SGA passes resolution to pay hourly workers wages lost during Winter Storm Uri

Article Originally Published by Ileana Garnand on North Texas Daily

Article Originally Published by Ileana Garnand on North Texas Daily

The Administration Building sits covered in snow during on Feb. 14, 2021. Image by Zach Del Bello

The Student Government Association passed a resolution Wednesday night calling for the university to pay hourly workers for the scheduled time they were unable to work for last week during Winter Storm Uri.

 The Senate passed the resolution in emergency status, which allowed it to be both introduced and voted on in the same session. Multiple senators and students, as well as SGA President Michael Luecke, submitted the resolution.  The Senate voted both unanimously to pass the bill and to attach every senator’s name to it to “solidify that [the senators] are all behind this” Grant Johnson, College of Liberal Arts and Social Sciences senator, said.

“I’m mad that our school’s misjudgment has created a situation where there even has to be an SGA resolution to compensate students,” political science and history senior Brett Davis said at the meeting.

Davis started a petition last week urging the university to pay hourly employees for wages lost during the historic winter storm. At the time of writing, it has almost 1,000 signatures, a number that continues to rise.

A message from the university system sent to all faculty and staff on Feb. 19 stated hourly employees would only be paid for time physically worked. Regardless of how much time workers were scheduled for, the university will not compensate them for it if it was not completed. Several hourly employees across campus were unable to work last week due to university closures and/or adverse weather conditions that prevented them from traveling to campus.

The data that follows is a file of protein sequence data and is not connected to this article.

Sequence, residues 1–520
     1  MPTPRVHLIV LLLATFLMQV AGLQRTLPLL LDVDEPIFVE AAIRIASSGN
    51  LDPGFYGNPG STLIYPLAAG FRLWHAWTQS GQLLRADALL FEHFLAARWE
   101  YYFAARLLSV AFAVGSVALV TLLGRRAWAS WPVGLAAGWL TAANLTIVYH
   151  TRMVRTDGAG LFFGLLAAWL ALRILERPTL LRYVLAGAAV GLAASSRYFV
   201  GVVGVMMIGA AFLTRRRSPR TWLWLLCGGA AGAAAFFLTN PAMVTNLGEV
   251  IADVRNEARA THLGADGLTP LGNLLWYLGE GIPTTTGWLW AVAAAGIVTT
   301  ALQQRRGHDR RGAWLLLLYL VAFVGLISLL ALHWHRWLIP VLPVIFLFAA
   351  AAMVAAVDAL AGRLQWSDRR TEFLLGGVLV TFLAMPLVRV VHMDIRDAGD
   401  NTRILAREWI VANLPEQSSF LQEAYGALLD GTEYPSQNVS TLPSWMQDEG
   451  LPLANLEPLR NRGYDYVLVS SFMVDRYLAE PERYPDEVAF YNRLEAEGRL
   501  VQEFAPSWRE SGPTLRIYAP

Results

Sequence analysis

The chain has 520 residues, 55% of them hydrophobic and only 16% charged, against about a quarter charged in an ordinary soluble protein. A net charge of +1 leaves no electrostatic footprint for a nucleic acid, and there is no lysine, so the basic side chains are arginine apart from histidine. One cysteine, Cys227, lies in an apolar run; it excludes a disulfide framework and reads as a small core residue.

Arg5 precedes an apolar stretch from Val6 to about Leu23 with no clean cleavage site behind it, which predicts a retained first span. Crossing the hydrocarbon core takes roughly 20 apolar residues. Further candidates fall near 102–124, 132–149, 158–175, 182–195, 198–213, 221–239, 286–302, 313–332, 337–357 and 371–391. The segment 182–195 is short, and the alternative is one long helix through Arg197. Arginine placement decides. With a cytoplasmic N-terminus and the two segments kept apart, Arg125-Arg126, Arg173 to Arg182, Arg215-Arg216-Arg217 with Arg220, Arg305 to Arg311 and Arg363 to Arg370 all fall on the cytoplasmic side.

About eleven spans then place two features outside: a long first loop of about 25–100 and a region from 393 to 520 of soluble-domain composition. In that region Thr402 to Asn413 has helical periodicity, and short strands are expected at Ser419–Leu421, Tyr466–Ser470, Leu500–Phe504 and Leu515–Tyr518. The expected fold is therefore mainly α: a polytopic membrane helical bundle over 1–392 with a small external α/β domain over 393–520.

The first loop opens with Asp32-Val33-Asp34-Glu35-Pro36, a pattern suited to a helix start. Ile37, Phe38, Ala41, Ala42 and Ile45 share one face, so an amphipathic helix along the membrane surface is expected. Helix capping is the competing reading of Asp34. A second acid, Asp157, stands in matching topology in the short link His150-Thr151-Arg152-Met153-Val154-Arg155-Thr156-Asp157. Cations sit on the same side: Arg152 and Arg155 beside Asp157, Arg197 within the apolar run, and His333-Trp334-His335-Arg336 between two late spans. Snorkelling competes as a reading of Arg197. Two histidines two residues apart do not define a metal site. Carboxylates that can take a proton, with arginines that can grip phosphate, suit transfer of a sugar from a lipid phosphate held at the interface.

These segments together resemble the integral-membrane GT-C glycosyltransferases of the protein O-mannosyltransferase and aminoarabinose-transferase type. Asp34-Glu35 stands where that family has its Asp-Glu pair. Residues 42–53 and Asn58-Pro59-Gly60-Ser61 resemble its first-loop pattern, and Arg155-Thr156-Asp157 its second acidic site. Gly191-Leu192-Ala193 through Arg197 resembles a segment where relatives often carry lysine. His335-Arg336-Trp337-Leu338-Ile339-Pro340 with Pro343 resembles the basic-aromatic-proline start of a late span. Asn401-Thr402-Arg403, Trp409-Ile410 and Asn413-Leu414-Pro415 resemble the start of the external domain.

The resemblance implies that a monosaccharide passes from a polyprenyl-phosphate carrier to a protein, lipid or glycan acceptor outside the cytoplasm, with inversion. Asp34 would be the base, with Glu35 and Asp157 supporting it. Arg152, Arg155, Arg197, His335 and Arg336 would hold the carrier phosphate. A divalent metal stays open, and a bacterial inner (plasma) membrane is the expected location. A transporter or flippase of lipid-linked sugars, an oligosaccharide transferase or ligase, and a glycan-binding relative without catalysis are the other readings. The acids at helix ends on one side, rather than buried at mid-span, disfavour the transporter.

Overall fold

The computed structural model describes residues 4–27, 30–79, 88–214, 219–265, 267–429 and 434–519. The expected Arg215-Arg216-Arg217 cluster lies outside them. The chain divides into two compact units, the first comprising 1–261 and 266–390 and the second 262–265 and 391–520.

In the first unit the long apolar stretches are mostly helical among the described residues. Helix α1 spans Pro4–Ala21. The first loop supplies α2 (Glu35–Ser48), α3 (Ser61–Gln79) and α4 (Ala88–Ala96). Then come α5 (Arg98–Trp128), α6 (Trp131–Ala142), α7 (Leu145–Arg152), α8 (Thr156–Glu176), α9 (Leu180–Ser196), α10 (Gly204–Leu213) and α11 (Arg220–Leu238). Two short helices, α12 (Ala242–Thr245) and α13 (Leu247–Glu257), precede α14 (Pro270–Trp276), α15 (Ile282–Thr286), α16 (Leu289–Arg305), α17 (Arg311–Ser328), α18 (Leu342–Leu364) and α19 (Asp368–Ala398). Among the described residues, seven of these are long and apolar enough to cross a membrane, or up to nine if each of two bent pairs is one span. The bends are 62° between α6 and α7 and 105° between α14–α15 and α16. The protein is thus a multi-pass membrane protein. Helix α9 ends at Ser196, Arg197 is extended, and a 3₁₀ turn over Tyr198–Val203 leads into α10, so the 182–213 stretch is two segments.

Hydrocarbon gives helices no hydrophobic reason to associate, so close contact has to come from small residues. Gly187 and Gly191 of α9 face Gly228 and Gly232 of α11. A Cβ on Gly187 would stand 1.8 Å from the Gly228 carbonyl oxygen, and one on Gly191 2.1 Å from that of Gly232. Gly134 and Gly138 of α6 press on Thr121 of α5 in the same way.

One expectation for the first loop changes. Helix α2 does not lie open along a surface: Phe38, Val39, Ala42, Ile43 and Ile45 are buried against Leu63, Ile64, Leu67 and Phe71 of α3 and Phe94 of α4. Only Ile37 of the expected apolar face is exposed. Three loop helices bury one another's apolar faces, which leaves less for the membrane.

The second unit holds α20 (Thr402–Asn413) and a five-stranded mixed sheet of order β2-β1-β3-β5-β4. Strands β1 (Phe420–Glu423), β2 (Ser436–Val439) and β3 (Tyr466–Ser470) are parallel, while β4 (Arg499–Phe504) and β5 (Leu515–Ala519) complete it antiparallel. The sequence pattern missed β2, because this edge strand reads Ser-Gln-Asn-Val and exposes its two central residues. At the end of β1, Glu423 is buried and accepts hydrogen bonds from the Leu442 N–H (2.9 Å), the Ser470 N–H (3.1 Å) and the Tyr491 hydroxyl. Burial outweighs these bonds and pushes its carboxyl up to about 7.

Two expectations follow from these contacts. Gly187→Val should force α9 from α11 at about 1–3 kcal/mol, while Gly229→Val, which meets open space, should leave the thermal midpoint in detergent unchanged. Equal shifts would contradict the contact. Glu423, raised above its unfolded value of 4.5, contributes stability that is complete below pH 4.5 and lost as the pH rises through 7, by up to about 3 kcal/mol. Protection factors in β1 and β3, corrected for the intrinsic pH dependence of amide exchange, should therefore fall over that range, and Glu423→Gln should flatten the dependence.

Both co-signing student Devon Skinner and College of Music Senator Sophia Vomvoris said during the meeting the university had already budgeted and set aside money for last week’s expected wage labor.

“The university doesn’t have any additional financial burden by [giving workers] that backpay,” Skinner said. “Because employees were not taking that time off, they have the right to be paid for the time that they would have worked [last week].”

Communication sent Feb. 22 through UNT Today asked student supervisors to offer opportunities for workers to make up lost hours over the upcoming weeks. The email stipulated that no students could work over 40 hours in one week nor work during class time. International students with work visas will not be able to make up hours due to the terms of their visas.

The SGA bill said the announcement of make-up hours violates university policy 05.025, which stipulates that student hourly workers cannot work more than 25 hours a week. The policy offers no exemption. How the university plans to address this policy was not mentioned in any of its communication.

“According to UNT policy, [hourly employees] can only work up to 25 hours without violating [the university’s] own policy,” Skinner said. “The amount of weeks that they would have to work to make up the difference from that one week that’s missed […] would be quite a number of weeks. And it wouldn’t make up for the significant impact that that one week without wages would have on UNT employees.”

Featured Image: The Administration Building sits covered in snow during on Feb. 14, 2021. Image by Zach Del Bello

Source: North Texas Daily